1. Introduction

1.1. Why use this method?

I'm a big fan of things that aren't Microsoft, so when I got my new computer I had it come with Linux preinstalled. It's a great desktop machine, but I've been sorely missing my Windows games, and the GIMP just isn't cutting it. So I finally gave in and decided to make the machine dual boot. When I looked for instructions on how to accomplish this, all I found was directions on how to install Linux if you already have Windows installed and how to boot with Loadlin. Unfortunately, because Loadlin runs from under DOS, the Loadlin method of making your system dual boot requires that you have Windows installed on the first partition of your first hard drive, due to the fact that Windows believes it is the center of the universe and all your other operating systems should revolve around it. This is a problem if you already have Linux on that partition and you don't want to wipe out your system to install Windows.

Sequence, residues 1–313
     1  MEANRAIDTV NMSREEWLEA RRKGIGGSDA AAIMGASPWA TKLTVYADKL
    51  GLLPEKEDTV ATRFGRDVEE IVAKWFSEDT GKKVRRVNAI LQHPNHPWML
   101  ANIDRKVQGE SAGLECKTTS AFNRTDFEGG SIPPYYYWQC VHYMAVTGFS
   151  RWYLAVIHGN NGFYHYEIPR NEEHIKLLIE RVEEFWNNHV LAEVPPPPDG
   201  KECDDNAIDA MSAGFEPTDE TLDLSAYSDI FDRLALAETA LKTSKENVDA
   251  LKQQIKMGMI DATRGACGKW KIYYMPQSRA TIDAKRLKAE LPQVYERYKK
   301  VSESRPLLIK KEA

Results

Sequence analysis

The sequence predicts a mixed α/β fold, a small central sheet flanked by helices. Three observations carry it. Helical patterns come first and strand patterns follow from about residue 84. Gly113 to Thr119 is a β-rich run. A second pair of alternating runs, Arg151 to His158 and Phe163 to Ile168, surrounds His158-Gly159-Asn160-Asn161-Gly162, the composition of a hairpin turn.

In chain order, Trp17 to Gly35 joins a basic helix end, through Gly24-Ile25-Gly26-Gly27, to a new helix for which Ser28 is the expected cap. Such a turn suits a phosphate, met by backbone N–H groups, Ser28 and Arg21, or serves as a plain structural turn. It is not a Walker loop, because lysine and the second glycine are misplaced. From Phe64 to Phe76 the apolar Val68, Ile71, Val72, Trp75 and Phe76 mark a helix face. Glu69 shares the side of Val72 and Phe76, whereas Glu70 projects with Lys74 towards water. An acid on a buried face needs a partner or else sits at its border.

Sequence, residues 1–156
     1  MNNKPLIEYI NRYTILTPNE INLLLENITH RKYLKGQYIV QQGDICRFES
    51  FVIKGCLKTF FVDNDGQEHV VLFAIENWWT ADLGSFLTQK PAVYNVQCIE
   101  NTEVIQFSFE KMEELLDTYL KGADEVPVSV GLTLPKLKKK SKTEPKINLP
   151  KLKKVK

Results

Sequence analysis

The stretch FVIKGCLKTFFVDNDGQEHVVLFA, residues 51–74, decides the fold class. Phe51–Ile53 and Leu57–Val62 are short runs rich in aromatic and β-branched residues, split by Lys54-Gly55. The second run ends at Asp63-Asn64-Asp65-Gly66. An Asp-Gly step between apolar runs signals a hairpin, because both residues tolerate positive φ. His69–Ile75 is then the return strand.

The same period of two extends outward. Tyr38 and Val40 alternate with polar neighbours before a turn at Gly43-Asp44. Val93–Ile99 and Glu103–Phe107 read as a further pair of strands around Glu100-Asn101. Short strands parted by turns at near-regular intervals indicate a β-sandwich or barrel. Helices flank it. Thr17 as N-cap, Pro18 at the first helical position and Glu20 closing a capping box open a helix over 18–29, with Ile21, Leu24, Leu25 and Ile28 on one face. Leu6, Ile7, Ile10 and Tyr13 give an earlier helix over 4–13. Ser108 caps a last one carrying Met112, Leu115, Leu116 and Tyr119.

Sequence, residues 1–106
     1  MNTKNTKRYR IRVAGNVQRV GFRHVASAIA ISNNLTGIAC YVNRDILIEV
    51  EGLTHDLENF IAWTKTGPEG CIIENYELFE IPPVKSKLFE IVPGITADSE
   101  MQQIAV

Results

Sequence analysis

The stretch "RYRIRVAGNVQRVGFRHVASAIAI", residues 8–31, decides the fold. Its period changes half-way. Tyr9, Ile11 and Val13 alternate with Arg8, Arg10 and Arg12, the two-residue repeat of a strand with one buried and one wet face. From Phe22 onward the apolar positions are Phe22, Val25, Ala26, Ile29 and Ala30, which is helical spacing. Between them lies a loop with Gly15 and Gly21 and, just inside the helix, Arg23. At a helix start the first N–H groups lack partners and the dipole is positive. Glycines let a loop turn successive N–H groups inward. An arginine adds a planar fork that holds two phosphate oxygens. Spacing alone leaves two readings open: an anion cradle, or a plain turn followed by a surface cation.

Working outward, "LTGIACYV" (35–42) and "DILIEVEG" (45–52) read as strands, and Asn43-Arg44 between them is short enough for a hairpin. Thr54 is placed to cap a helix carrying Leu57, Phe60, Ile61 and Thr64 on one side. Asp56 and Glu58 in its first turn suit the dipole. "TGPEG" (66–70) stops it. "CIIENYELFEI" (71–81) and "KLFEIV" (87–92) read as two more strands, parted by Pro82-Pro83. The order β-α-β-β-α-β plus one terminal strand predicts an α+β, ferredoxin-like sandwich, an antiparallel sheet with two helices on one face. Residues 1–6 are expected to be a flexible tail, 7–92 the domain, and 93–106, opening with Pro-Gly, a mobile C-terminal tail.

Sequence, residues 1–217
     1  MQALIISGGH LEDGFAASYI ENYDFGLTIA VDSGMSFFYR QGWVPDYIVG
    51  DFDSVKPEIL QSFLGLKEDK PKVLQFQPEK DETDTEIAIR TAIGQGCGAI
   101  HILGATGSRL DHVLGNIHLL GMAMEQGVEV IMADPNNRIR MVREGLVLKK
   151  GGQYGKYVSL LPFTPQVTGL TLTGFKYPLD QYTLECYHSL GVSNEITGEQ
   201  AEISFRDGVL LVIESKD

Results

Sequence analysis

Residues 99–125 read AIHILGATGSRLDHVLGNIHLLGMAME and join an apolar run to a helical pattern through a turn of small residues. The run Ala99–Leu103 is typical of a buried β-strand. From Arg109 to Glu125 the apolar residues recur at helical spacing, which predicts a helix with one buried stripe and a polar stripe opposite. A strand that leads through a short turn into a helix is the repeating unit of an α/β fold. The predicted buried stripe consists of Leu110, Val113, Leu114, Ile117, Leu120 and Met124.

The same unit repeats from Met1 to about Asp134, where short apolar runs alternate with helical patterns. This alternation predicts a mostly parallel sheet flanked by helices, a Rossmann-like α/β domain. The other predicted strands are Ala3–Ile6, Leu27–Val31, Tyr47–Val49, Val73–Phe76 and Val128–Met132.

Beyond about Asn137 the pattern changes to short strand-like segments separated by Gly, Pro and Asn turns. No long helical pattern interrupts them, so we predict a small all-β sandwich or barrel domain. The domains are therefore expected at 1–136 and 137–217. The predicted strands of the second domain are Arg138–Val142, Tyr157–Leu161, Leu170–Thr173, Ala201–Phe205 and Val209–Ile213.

This is where GNU GRUB, the GRand Unified Bootloader comes in. It differs from bootloaders such as LILO in that it can lie to Windows and make Windows believe that it's installed on the first partition even if it's not. So you can keep your current Linux system where it is and install Windows on the side.

1.2. Copyright and License

Copyright (c) 2002 Joel Rosen. Permission is granted to copy, distribute and/or modify this document under the terms of the GNU Free Documentation License, Version 1.1 or any later version published by the Free Software Foundation; with no Invariant Sections, with the no Front-Cover Texts, and with no Back-Cover Texts. A copy of the license may be found here.